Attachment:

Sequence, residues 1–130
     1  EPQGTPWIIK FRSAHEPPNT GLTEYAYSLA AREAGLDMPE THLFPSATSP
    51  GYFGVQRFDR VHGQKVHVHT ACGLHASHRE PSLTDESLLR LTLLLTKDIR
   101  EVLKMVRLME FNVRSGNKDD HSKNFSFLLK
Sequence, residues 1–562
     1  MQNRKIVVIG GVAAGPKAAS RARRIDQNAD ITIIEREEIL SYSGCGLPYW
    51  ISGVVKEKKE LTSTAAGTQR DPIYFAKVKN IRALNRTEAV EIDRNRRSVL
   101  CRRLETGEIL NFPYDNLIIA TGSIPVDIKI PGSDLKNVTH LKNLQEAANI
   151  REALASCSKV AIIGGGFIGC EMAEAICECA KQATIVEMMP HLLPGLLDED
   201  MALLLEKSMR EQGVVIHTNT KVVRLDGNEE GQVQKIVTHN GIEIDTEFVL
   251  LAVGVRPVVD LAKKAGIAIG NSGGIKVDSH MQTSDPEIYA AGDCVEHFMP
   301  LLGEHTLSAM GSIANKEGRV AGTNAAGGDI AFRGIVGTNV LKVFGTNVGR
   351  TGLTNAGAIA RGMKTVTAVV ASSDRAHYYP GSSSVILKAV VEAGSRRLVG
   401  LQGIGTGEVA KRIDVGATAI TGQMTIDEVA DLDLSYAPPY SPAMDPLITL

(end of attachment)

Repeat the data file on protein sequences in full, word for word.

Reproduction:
Sequence, residues 1–130
     1  EPQGTPWIIK FRSAHEPPNT GLTEYAYSLA AREAGLDMPE THLFPSATSP
    51  GYFGVQRFDR VHGQKVHVHT ACGLHASHRE PSLTDESLLR LTLLLTKDIR
   101  EVLKMVRLME FNVRSGNKDD HSKNFSFLLK
Sequence, residues 1–562
     1  MQNRKIVVIG GVAAGPKAAS RARRIDQNAD ITIIEREEIL SYSGCGLPYW
    51  ISGVVKEKKE LTSTAAGTQR DPIYFAKVKN IRALNRTEAV EIDRNRRSVL
   101  CRRLETGEIL NFPYDNLIIA TGSIPVDIKI PGSDLKNVTH LKNLQEAANI
   151  REALASCSKV AIIGGGFIGC EMAEAICECA KQATIVEMMP HLLPGLLDED
   201  MALLLEKSMR EQGVVIHTNT KVVRLDGNEE GQVQKIVTHN GIEIDTEFVL
   251  LAVGVRPVVD LAKKAGIAIG NSGGIKVDSH MQTSDPEIYA AGDCVEHFMP
   301  LLGEHTLSAM GSIANKEGRV AGTNAAGGDI AFRGIVGTNV LKVFGTNVGR
   351  TGLTNAGAIA RGMKTVTAVV ASSDRAHYYP GSSSVILKAV VEAGSRRLVG
   401  LQGIGTGEVA KRIDVGATAI TGQMTIDEVA DLDLSYAPPY SPAMDPLITL